FISA Amendments Act of 2008

FISA Amendments Act of 2008



The FISA Amendments Act of 2008, also called the FAA and Foreign Intelligence Surveillance Act of 1978 Amendments Act of 2008, is an Act of Congress that amended the Foreign Intelligence Surveillance Act. It has been used as the legal basis for surveillance programs leaked by Edward Snowden in 2013, including PRISM.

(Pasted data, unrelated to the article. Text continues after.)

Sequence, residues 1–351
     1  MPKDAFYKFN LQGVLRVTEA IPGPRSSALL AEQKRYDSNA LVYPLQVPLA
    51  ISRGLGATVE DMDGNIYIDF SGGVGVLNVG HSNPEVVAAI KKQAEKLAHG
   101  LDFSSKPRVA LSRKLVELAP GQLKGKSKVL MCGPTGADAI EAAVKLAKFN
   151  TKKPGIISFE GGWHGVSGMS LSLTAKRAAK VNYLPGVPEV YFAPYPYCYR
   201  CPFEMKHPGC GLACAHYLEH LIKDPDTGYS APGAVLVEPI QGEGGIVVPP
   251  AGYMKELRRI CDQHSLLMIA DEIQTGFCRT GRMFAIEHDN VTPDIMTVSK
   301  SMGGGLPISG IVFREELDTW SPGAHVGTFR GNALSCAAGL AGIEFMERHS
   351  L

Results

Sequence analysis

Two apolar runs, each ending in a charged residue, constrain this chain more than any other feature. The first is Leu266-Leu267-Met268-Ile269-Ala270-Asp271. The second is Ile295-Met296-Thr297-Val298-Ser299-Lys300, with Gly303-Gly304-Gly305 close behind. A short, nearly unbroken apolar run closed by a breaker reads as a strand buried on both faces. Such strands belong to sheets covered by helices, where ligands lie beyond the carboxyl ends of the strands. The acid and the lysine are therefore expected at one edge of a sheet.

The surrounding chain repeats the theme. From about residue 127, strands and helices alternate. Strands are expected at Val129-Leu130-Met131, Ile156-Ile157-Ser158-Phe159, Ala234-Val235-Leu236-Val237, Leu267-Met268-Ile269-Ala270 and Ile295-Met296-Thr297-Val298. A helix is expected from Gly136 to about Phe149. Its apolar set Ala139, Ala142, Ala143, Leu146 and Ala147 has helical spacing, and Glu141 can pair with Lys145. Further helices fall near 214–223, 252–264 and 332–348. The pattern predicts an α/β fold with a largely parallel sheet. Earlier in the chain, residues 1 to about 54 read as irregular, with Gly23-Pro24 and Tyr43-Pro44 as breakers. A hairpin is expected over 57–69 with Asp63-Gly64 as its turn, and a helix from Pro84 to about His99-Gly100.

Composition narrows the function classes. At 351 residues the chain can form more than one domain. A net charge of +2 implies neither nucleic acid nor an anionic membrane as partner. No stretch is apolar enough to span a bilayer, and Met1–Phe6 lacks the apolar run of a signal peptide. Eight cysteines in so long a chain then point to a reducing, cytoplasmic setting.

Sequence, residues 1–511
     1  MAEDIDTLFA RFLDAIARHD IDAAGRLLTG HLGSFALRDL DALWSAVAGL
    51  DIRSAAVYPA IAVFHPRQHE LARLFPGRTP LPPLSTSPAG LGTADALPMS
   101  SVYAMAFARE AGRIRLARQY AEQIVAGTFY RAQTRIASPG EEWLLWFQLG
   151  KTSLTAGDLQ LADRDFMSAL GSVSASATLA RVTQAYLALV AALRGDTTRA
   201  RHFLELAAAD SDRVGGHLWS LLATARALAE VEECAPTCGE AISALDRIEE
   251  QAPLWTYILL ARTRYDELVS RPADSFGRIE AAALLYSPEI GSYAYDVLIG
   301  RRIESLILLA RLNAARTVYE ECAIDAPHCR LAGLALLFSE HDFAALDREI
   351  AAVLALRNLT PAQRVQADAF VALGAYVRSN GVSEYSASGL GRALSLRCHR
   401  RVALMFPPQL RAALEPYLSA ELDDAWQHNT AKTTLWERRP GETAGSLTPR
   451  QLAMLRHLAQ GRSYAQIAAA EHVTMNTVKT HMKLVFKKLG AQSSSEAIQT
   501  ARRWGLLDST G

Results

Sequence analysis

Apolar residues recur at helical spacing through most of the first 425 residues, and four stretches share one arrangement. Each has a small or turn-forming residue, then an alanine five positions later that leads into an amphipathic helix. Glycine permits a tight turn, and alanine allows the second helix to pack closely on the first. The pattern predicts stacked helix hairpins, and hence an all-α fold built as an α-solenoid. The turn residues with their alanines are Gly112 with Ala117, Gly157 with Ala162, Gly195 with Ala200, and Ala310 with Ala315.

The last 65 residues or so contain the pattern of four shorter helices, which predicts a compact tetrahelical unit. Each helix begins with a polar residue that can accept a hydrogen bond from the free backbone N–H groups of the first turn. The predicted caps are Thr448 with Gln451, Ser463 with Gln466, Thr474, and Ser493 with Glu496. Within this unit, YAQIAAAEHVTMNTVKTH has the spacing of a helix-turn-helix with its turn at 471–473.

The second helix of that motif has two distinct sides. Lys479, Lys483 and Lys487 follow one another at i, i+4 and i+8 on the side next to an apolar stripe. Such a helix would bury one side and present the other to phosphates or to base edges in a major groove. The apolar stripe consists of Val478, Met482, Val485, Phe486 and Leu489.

Warrantless wiretapping by the National Security Agency (NSA) was revealed publicly in late 2005 by The New York Times and then reportedly discontinued in January 2007.[4] See Letter from Attorney-General Alberto Gonzales to Senators Patrick Leahy and Arlen Specter, CONG. REC. S646-S647 (January 17, 2007). Approximately forty lawsuits have been filed against telecommunications companies by groups and individuals alleging that the Bush administration illegally monitored their phone calls or e-mails. Whistleblower evidence suggests that AT&T was complicit in the NSA's warrantless surveillance, which could have involved the private communications of millions of Americans. The Foreign Intelligence Surveillance Act makes it illegal to intentionally engage in electronic surveillance under appearance of an official act or to disclose or use information obtained by electronic surveillance under appearance of an official act knowing that it was not authorized by statute; this is punishable with a fine of up to $10,000 or up to five years in prison, or both. In addition, the Wiretap Act prohibits any person from illegally intercepting, disclosing, using, or divulging phone calls or electronic communications; this is punishable with a fine or up to five years in prison, or both.


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